Mexican food is fairly common in the Midwest nowadays, but OJ’s Cafe was a trendsetter. Located next to the Florence Mill, just south of I-680’s 30th Street exit near the Mormon Bridge, OJ’s wood-paneled facade harkens back to the days of the Wild West.

The recipe for cheese and beef enchiladas belonged to the owner’s mother. The owner, 70-year-old Olga Jane Martinez (whose married name is Vlcek) was born in Anaheim, California. She opened the cafe 40 years ago. Vlcek says they added the Western-style facade a few years after opening.

Mexican food was hard to find in Omaha back then. The restaurant was situated in the site of a former dairy that sold milk, eggs, ice cream, hamburger, and cheeseburgers. At first, Vlcek followed suit. She kept the menu and added a daily special. Mexican dishes were the Thursday and Friday special.

“Then customers started asking for more Mexican food,” Vlcek says. “I said, ‘You know what? I am going to try to make a business of this.’ So, I cut everything else (about a year after opening).”

OJ’s now offers a full menu with tacos, burritos, vegetarian options, nachos, and a wide range of Mexican fare. The kitchen will even switch out flour tortillas for corn upon request.

Walk inside OJ’s today and find heavy wooden lacquer tables and booths. Kitschy decorations abound. Ceramic suns cover one wall. Promotional mirrors for imported Mexican beer cover another. There’s a stained glass window with cacti and a sombrero, a crucifix, family photos, and lots of other trinkets contributing to the down-home atmosphere.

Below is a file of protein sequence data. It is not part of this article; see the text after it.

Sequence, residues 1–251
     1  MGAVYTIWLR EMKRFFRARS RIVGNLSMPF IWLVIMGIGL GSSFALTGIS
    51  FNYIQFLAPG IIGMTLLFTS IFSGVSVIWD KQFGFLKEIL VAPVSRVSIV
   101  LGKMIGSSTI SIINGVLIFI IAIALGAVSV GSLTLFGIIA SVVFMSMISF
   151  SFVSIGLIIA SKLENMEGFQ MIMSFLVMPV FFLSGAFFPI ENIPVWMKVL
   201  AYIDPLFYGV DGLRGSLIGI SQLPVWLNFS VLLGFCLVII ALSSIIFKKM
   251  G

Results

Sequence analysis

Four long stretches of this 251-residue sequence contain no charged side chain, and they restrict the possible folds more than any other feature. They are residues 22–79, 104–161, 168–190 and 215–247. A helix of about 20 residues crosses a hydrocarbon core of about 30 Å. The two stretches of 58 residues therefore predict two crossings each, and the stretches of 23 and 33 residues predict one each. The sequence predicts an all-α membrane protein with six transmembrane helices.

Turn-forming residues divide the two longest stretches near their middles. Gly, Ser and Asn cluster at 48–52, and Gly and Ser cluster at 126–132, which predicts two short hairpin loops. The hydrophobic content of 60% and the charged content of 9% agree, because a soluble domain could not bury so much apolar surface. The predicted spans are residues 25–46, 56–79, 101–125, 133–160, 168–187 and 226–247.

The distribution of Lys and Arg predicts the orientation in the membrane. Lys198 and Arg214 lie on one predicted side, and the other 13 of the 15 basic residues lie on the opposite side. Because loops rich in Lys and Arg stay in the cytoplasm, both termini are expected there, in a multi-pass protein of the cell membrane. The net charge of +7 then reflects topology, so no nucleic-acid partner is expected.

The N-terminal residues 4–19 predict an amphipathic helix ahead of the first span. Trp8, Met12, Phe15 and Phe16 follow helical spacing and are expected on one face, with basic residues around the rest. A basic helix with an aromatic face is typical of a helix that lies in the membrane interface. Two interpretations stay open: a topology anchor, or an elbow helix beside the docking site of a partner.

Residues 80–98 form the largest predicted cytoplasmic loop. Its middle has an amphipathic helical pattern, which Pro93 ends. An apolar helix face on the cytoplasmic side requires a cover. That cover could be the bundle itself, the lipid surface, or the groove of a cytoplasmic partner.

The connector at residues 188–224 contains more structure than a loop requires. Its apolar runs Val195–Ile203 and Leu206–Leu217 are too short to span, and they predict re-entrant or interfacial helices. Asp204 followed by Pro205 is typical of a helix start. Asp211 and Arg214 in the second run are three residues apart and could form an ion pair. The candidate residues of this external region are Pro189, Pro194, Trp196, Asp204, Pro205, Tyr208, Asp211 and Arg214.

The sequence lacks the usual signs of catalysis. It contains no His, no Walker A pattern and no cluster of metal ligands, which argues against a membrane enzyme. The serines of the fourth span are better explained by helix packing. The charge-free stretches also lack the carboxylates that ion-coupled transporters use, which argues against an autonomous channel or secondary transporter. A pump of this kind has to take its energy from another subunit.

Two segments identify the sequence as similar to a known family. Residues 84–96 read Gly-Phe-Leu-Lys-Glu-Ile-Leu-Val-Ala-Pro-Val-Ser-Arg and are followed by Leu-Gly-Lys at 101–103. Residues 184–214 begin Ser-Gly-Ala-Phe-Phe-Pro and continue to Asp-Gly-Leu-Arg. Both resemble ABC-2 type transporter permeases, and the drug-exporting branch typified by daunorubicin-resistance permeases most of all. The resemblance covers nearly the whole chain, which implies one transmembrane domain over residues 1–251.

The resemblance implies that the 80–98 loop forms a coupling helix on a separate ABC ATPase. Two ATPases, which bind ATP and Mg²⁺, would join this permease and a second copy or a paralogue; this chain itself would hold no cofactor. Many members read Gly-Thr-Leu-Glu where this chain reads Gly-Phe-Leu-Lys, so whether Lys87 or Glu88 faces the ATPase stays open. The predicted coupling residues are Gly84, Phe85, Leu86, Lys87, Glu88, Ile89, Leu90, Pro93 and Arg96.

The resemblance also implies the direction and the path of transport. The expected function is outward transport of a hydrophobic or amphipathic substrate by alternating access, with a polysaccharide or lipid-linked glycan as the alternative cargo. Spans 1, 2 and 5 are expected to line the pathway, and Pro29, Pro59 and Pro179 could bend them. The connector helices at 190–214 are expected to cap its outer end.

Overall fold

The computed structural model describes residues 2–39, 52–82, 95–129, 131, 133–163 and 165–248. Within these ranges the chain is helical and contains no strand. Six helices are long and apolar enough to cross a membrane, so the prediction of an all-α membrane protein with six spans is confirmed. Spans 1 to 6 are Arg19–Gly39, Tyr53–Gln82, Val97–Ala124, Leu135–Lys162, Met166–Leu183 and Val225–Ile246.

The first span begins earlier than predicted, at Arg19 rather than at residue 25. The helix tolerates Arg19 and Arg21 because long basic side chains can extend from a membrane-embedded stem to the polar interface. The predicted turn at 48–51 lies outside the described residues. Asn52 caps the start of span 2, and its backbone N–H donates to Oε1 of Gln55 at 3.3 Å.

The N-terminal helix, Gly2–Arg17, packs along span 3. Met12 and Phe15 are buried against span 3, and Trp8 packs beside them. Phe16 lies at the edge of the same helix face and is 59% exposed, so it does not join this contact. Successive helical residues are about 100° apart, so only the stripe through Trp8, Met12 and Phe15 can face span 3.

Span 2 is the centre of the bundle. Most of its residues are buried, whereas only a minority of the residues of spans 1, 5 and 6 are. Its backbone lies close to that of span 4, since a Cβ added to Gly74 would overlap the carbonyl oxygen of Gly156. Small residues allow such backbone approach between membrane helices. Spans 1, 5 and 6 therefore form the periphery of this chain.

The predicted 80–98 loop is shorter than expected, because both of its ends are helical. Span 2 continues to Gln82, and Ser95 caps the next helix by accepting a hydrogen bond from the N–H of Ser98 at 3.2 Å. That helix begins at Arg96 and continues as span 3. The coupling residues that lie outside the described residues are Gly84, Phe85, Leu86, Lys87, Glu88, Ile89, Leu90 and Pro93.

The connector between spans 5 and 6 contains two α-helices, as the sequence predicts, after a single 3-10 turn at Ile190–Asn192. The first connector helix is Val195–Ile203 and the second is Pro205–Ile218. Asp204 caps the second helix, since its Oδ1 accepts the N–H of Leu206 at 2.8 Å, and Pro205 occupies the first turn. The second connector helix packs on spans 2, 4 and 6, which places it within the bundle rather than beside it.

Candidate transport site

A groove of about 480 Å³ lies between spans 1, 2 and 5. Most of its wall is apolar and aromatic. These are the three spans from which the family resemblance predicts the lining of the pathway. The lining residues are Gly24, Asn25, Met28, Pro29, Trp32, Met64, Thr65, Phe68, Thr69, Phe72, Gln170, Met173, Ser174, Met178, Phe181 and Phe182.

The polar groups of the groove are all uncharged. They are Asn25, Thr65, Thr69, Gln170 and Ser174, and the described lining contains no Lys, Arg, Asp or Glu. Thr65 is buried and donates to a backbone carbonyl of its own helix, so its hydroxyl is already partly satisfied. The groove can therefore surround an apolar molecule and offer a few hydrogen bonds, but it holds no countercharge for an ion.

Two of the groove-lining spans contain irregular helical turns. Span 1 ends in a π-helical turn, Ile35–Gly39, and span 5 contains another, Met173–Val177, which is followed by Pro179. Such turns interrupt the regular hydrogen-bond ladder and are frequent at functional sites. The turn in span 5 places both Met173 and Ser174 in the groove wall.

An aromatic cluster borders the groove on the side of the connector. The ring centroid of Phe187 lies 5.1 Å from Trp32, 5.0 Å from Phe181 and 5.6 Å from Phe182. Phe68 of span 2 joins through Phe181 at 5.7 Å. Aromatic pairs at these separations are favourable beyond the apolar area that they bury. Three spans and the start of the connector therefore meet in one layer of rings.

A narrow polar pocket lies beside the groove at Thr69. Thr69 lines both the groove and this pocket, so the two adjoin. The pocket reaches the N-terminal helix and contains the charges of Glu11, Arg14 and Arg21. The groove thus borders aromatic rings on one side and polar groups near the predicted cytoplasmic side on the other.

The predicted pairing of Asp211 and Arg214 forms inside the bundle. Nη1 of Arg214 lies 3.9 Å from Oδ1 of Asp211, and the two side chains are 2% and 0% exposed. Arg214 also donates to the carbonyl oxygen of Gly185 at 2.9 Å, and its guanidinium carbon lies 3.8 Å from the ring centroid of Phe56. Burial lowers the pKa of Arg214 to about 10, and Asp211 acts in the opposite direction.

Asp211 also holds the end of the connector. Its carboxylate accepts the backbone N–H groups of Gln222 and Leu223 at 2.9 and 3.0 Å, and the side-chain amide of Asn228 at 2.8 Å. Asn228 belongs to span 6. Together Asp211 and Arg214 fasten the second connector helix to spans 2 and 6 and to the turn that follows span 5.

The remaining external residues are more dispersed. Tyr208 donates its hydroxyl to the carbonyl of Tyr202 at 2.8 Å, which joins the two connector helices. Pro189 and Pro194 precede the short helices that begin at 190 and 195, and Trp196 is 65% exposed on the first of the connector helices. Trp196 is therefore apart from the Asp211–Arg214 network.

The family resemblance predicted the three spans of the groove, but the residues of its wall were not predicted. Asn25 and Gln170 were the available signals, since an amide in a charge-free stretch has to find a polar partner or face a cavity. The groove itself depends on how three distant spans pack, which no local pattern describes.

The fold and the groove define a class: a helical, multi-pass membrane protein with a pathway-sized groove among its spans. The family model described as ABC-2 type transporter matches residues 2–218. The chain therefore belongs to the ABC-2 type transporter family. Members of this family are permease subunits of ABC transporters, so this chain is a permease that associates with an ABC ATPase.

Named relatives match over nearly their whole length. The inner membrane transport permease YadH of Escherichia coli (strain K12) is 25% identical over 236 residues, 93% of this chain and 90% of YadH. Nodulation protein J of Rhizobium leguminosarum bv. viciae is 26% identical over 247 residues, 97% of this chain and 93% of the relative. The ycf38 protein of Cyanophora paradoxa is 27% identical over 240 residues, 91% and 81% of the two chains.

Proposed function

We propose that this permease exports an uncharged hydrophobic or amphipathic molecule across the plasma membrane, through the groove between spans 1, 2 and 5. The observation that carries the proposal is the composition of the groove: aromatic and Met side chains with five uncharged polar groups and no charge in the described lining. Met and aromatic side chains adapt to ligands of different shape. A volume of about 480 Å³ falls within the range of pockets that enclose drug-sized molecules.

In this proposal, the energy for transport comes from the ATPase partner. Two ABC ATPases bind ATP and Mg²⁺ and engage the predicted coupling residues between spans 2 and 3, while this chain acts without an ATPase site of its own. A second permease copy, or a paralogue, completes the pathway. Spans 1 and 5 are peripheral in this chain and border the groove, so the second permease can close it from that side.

A waitress asks for our order. I know what I want, but ask her suggestion anyway. She recommends the cottage cheese and chicken enchilada. I pause for a moment. I didn’t know the meat choice could be switched. I take a risk. Chicken and cottage cheese it is.

When I order a plate of tortilla chips, I ask for a mix of corn and flour ($3.75) and a Pacifico on-tap ($3.75 glass) from an ample selection of Mexican beers. The beer arrives in a frosty mug. A margarita ($4) with salt on the rim follows with the entrée.

Word to the wise couple: Those with smaller appetites should consider splitting the enchilada ($10.25). After essentially chugging half of the dish, I slow to contemplate the merits of beef vs. chicken and cottage cheese. The chicken is fairly bland, aside from the rich cheesiness common to both. I still prefer the beef (which seems more savory, possibly cooked with more seasoning); however, I’m not disappointed. Being perfectly honest, I dump so much homemade salsa on my plate that it probably doesn’t matter what I’m eating.

OJs3To wrap up the meal, a sombrero ($5.50) arrives. Luckily, I’m eating with a dinner companion. We share the two heaping scoops of vanilla ice cream towering over a cinnamon and sugar-coated tortilla, all drizzled with Mexican caramel. 

Completely stuffed, I wonder about the origins of my favorite enchilada. Who better to ask than Olga Jane Vlcek herself. She still works at her namesake restaurant every day (OJ’s is open Tuesdays through Saturdays, 11 a.m. to 8 p.m., with a mid-day break that closes the cafe from 2 p.m. to 4:30 p.m.)

“That’s my signature enchilada,” Vlcek says of the beef and cottage cheese enchilada, which happens to be her favorite, too. The cottage cheese and beef enchilada was on the menu in the early days of OJ’s, but it wasn’t popular. “Ironically enough, I couldn’t sell them,” she says with a laugh. “People wouldn’t buy them, so I took it off the menu.” She made a commitment to herself that if her restaurant became established, she would bring back her mom’s enchilada recipe. And that’s exactly what she did. Omaha Magazine